Children's bath products contain
formaldehyde and 1,4-dioxane

The Campaign for Safe Cosmetics (CSC), an American campaign group, has found that 61% of the children's shampoos, lotions, soaps and other personal care products they tested were contaminated with formaldehyde and/or 1,4-dioxane both of which have been linked to cancer and skin allergies, and they were not listed on the product label because they are byproducts of manufacturing and not ingredients as such.

Of the 48 products tested at an independent laboratory in Petaluma, California 32 (67%) were found to contain 1,4-dioxane. Twenty-eight products were tested for 1,4-dioxane and formaldehyde. Of these, 17 (61%) contained both chemicals and 23 (82%) contained formaldehyde. Formaldehyde builds up in product containers as the preservatives break down.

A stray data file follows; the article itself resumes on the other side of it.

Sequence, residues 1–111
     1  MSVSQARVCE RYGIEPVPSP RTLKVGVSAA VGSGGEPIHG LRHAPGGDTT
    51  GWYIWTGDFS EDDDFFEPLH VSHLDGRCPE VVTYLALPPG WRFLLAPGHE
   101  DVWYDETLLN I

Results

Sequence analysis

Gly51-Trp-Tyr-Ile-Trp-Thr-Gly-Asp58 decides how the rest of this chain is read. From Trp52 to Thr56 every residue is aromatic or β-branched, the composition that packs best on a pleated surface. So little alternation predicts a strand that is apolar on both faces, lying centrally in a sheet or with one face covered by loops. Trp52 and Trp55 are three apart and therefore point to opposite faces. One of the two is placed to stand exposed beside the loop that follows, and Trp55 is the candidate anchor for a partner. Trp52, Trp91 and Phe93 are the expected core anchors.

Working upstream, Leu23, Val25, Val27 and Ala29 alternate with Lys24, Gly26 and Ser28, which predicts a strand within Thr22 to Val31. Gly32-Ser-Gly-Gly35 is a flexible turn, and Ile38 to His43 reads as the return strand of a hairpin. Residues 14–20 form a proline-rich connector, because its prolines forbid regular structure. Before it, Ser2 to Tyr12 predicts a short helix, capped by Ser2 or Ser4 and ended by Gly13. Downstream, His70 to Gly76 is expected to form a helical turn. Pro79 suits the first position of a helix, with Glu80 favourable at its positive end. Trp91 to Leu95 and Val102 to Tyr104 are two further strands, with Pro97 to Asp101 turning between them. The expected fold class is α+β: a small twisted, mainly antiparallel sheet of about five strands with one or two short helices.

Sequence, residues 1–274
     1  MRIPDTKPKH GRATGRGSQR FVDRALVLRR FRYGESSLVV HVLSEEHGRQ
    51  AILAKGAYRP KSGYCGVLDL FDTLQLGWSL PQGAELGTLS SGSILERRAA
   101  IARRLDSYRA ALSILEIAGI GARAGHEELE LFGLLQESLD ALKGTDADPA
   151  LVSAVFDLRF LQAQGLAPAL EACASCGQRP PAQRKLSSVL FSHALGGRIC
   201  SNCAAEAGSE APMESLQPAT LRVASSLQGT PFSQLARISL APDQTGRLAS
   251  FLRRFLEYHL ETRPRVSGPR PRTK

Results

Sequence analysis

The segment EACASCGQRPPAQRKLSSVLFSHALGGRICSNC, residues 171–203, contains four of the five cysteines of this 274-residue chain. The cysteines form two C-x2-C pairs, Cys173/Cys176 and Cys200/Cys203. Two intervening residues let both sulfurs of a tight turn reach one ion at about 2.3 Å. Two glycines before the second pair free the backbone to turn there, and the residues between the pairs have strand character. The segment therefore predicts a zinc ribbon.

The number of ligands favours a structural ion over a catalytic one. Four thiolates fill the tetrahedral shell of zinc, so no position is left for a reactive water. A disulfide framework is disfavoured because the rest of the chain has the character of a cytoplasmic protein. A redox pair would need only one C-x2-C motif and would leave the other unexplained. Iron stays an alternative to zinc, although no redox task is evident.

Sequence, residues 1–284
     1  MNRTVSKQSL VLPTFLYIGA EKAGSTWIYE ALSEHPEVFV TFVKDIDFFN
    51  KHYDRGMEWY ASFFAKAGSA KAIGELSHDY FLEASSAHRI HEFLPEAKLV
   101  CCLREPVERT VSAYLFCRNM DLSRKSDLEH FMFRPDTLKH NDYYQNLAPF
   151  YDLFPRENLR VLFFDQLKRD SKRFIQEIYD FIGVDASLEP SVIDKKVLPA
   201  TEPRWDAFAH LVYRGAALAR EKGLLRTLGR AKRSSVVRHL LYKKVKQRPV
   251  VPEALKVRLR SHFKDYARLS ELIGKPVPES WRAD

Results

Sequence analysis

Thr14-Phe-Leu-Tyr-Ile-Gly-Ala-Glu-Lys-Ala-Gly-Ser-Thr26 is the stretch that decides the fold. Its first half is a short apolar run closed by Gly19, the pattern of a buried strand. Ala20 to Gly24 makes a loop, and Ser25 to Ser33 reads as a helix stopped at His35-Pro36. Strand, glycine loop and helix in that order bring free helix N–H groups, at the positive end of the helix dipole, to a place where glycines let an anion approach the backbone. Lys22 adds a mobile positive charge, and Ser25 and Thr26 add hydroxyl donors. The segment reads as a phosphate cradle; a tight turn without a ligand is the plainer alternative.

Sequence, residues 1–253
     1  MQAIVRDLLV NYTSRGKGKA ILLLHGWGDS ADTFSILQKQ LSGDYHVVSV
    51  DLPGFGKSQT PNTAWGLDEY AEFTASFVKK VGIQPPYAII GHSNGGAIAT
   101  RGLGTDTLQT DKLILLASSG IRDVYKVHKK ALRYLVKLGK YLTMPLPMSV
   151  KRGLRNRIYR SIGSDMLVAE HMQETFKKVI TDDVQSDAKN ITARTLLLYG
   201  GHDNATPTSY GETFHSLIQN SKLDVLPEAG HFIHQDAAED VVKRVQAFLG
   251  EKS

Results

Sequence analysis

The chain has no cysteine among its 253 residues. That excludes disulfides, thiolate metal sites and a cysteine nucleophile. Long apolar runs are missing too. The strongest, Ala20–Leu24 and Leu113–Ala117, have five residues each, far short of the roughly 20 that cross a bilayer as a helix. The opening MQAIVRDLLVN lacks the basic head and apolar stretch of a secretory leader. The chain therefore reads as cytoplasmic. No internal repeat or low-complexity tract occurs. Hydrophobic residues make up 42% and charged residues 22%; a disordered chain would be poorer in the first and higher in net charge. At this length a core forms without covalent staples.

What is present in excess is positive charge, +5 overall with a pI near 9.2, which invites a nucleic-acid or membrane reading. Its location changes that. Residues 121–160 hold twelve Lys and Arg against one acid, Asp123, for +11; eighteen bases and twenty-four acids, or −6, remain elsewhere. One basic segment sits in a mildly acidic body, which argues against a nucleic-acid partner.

Manufacturers are not required by law to list contaminants on product labels, so consumers have no way of knowing if they are buying products containing toxic contaminants, said the CSC.

The chemical 1,4-dioxane is a probable carcinogen so its presence, even as a trace contaminant, is cause for concern. It is not an ingredient in these products, but a byproduct of the ethoxylation process that uses ethylene oxide to make the ingredients.

Although listed as a probable carcinogen the risk of formaldehyde causing cancer by being absorbed through the skin is not well understood although it is known to trigger skin reactions in adults and children who are sensitive to the chemical.

For the full report, including the list of products, many of which will be available in the UK

First Published in May 2009

More research on infants and children


Top of page